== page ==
From the beginning of time, people have tried to understand and fight aging, and myths of eternal youth continue to pique our curiosity. Aging is a natural phenomenon that affects the entire physiology of an organism. It is also one of the most intriguing issues of modern biology as it occurs despite numerous complex pathways of maintenance and repair. As chronological age of an organism increases, a number of errors accumulate at different levels of biological organization. The tendency of errors to accumulate and cause downstream problems is met by numerous mechanisms that serve as protectors, correctors and cleaners of cell components. These mechanisms involve a variety of dedicated maintenance functions, including chaperones, reactive oxygen species scavenging enzymes, DNA damage response, etc. It follows that protection and maintenance failure detriments one or more cellular functions, which, in turn, may lead to aging and disease.
The overarching goal of this project is to understand the events that trigger aging and determine life span at the level of pathways involved in RNA and protein quality control. We aim to apply state-of-art genomics, proteomics and imaging methods on model systems Saccharomyces cerevisiae and Caenorhabditis elegans to address the role of the decline in cellular RNA and protein pool function in aging and age-related diseases.
The Krisko lab is looking for a postdoctoral researcher interested in studying the mechanisms of protein resistance to oxidative modifications and its involvement of aging at Center of excellence for science and technology integrating Mediterranean region (STIM) – STIM-REI project (research, innovation and education).
The candidates should have a strong background in biochemistry and biophysics and at least one first-author publication. The candidates will be expected to work with model systems like yeast and/or cell cultures, and have experience in imaging.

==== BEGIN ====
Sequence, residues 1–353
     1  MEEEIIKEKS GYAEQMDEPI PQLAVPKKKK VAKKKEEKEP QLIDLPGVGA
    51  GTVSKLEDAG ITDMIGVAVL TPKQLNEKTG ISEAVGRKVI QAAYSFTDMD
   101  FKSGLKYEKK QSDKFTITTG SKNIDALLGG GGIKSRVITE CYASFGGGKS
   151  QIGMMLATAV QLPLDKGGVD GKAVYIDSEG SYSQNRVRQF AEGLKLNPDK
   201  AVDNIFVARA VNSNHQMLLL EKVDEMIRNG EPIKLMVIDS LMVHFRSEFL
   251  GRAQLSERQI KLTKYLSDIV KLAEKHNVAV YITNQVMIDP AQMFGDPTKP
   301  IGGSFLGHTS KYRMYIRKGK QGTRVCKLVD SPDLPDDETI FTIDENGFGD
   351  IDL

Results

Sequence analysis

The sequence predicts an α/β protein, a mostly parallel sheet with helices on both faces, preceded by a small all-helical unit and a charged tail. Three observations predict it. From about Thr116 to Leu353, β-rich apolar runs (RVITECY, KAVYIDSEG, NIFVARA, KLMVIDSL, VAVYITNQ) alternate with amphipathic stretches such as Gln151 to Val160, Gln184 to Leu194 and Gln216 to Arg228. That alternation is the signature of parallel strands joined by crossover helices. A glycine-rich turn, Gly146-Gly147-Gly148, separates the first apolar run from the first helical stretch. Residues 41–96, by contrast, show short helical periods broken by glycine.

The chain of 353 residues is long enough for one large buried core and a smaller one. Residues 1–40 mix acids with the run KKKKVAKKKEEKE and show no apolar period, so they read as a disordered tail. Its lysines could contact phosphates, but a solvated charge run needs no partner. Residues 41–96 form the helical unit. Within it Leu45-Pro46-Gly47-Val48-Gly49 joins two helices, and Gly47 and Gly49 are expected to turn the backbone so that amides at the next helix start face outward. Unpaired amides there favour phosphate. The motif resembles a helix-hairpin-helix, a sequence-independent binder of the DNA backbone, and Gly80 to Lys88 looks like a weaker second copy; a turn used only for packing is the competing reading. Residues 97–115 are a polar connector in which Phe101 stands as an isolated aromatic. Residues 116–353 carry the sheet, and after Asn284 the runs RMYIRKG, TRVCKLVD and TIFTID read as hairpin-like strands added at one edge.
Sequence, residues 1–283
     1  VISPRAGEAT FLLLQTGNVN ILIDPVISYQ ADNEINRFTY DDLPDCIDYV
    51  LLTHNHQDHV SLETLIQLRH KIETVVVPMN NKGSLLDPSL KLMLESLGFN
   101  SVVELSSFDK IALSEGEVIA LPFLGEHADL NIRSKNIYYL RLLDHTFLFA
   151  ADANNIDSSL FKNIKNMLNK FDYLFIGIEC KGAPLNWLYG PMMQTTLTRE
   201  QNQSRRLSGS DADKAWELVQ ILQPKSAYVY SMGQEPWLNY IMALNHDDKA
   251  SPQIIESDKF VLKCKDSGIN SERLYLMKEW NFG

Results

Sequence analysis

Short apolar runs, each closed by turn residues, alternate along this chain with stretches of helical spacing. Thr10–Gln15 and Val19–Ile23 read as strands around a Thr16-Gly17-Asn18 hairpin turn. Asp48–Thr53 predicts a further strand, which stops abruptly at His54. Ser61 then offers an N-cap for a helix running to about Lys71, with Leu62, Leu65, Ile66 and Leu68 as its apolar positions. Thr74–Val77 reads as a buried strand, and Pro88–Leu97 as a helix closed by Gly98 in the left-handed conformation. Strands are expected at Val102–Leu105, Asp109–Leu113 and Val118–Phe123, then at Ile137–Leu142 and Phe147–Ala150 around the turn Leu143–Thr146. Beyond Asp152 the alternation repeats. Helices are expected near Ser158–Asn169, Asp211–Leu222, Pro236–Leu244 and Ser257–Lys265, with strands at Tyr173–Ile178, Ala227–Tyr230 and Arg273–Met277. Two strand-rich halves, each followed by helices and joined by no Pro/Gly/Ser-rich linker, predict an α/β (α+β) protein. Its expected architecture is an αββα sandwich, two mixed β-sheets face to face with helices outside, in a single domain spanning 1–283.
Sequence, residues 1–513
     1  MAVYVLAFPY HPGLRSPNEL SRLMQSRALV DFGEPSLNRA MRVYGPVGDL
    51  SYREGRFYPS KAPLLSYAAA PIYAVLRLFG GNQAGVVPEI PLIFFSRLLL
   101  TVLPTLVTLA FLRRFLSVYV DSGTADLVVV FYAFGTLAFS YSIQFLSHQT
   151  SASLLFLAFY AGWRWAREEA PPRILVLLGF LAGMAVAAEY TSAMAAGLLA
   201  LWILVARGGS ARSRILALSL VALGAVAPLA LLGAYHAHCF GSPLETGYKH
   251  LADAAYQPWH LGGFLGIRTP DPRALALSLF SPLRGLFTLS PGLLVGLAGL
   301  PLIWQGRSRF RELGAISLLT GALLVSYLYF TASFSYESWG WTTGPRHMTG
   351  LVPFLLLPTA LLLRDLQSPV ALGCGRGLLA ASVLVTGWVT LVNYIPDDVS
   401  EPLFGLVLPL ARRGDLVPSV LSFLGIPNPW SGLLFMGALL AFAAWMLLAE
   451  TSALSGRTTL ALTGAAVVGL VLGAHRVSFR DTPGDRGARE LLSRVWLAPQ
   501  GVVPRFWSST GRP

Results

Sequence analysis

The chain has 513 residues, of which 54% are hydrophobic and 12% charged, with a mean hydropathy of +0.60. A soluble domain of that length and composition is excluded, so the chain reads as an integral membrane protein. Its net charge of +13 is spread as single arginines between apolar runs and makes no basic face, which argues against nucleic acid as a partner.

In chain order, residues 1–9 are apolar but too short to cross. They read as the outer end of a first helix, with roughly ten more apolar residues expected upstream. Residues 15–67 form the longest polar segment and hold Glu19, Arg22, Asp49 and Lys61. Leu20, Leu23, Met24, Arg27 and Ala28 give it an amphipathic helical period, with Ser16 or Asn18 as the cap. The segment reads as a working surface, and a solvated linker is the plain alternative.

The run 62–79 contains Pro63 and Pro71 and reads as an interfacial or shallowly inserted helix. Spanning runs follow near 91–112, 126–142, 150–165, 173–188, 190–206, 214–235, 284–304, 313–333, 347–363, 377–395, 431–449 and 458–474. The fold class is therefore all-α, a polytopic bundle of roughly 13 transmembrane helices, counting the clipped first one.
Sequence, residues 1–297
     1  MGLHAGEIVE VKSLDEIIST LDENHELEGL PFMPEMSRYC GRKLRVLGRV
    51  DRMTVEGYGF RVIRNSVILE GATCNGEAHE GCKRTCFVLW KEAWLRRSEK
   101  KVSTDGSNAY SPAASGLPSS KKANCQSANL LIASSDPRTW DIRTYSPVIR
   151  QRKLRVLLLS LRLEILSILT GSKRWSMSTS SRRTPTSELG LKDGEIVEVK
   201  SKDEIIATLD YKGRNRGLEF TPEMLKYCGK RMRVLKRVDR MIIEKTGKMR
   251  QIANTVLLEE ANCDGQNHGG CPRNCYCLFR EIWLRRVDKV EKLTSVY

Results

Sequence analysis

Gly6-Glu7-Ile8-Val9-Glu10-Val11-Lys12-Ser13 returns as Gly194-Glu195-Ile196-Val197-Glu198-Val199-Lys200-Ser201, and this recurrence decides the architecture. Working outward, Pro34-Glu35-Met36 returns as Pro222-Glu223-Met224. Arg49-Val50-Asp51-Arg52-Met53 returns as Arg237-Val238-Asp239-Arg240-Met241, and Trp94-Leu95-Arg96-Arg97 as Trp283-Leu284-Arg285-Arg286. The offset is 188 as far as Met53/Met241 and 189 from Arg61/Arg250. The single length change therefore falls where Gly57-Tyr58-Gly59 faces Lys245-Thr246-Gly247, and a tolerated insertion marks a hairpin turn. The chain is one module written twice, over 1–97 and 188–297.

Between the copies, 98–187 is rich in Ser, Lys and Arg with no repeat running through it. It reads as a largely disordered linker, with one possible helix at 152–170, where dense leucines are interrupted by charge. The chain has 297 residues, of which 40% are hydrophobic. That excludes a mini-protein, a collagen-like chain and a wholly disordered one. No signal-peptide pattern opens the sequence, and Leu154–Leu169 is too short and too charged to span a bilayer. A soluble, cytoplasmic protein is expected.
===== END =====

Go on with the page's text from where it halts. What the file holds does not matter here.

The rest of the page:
This strongly application-oriented research position is an integral part of interdisciplinary research activities unifying design and verification of innovative nanosensors and their use for in-vivo detection of protein damage at the Mediterranean Institute for Life Sciences (MedILS) in Split, Croatia (http://www.medils.org).
Research will be mentored by dr.sc Anita Kriško. This collaborative effort will bring together expertise in theoretical design of nanomaterials (prof. Vlasta Bonačić-Koutecky, STIM-REI, Croatia), synthesis and experimental verification of the nanomaterials (dr. Rodolphe Antoine, dr. Philippe Dugourd, University of Lyon, France) and age and stress related quantification of protein damage (dr. Anita Kriško, prof. Miroslav Radman, MedILS, Croatia).
Good communication skills in English are expected.
The initial appointment will be for one year with possibility of extension for up to 5 years. More information is available on request.
For more information about Kriško lab, please visit:
If interested please send:
- your CV
- a statement of your research interest
- copy of ID
- copy of diploma
- list of publication along with a brief explanation of the contribution of these works in relevant research area
- e-mail addresses of three references
via e-mail firstname.lastname@example.org and email@example.com
The call will be open until December 10th.